As an anonymous referee has pointed out, the extension is also touched by this indeterminacy, since whether the derogatory content of S counts as lexical or not has radical consequences for the extension of S. If it is, its extension is empty (no one is C and despicable in virtue of being C); if it is not, S and C have the same extension.
On semantic vagueness see Varzi (2007). Notice that here I am only exploiting the theory of vagueness as semantic indeterminacy for a (partial) analogy, but my position does not require that such a particular theory of vagueness is true. Also, I am taking precisifications as possible interpretations of the language. If you read them as possible languages, then the last line should read ... does not coincide with the semantic value of any of its precisifications....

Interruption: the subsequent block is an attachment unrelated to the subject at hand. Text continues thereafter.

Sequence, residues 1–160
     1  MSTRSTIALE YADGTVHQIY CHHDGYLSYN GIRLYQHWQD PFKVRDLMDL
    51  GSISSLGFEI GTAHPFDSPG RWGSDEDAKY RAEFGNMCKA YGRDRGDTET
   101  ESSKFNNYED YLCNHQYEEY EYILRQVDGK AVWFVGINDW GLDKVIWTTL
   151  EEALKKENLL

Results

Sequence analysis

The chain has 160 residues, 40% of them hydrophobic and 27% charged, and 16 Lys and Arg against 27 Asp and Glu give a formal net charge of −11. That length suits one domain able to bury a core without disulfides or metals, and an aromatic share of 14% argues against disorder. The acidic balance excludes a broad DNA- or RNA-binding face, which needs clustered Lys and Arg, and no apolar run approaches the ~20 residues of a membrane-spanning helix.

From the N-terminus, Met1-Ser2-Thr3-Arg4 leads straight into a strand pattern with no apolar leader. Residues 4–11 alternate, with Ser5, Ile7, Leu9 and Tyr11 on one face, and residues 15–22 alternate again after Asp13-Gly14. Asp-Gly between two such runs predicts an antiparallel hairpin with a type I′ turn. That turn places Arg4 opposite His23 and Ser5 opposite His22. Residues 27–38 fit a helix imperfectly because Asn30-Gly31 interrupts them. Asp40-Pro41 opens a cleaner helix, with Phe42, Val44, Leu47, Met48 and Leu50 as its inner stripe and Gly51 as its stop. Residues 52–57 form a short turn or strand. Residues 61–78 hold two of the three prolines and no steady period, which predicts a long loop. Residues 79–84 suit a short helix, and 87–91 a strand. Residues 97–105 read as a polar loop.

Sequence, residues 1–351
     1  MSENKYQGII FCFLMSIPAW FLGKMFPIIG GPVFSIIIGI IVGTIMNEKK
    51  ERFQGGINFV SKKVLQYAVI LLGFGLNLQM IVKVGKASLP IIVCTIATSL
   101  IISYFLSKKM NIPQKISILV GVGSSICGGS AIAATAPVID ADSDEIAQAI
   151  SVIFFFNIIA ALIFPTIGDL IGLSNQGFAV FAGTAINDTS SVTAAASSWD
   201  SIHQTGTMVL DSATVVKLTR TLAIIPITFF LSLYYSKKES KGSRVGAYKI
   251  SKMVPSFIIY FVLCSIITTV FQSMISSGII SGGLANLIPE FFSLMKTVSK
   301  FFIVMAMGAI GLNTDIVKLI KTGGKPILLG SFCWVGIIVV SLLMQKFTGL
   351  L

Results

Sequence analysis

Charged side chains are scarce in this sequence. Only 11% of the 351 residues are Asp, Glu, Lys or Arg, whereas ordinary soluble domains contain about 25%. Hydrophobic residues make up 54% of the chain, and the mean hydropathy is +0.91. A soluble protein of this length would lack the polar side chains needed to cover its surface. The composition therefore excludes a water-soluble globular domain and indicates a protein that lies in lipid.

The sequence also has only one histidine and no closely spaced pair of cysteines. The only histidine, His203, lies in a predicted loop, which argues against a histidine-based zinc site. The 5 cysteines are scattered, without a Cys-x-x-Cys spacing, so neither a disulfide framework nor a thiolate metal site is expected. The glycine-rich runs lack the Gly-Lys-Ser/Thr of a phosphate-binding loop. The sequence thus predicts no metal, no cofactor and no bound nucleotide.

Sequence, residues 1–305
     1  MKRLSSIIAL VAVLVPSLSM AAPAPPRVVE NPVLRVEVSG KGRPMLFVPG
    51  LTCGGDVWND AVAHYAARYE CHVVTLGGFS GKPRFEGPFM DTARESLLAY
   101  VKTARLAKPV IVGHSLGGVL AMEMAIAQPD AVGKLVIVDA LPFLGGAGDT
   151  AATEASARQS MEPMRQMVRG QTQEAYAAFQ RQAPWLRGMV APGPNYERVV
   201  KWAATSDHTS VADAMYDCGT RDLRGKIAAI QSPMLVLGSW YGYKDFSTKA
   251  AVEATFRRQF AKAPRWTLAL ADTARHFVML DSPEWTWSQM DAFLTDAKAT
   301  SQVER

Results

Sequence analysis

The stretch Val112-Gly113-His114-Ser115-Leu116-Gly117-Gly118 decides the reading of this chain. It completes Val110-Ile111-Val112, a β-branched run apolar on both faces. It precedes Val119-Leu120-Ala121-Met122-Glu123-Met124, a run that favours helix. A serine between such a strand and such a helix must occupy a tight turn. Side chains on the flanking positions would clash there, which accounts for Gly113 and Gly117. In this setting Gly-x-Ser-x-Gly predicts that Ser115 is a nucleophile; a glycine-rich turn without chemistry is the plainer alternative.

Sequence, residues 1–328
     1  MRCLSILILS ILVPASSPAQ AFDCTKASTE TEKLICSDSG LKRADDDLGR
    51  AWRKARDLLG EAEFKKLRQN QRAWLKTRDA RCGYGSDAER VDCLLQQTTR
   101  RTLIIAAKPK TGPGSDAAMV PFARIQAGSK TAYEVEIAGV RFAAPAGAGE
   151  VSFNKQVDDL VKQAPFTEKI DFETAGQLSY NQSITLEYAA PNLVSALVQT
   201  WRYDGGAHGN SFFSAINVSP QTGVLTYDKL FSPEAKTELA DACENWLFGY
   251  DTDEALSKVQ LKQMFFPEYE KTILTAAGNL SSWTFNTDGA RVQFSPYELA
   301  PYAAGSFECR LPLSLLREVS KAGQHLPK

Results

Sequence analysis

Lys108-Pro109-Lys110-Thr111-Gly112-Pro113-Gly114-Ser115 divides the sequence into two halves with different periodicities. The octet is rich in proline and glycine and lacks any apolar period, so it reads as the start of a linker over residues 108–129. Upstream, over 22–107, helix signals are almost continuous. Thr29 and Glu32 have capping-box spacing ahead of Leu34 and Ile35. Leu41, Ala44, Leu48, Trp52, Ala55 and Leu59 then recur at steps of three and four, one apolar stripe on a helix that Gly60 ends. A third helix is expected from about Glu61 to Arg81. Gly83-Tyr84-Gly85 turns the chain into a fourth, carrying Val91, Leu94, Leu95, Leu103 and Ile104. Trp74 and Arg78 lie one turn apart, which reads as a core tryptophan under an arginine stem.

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Torrengo, G. Slurs and Semantic Indeterminacy. Philosophia (2020). https://doi.org/10.1007/s11406-020-00186-6